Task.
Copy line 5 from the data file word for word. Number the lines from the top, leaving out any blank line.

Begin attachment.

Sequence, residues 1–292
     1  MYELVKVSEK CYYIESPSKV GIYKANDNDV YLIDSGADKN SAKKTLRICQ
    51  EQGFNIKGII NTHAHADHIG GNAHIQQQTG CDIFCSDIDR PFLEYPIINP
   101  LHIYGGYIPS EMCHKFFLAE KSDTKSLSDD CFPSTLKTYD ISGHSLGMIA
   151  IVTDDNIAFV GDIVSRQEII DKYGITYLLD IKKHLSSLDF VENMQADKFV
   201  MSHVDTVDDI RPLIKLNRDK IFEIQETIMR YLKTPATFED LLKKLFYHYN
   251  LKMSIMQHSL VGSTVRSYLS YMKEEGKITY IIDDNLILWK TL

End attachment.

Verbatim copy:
   151  IVTDDNIAFV GDIVSRQEII DKYGITYLLD IKKHLSSLDF VENMQADKFV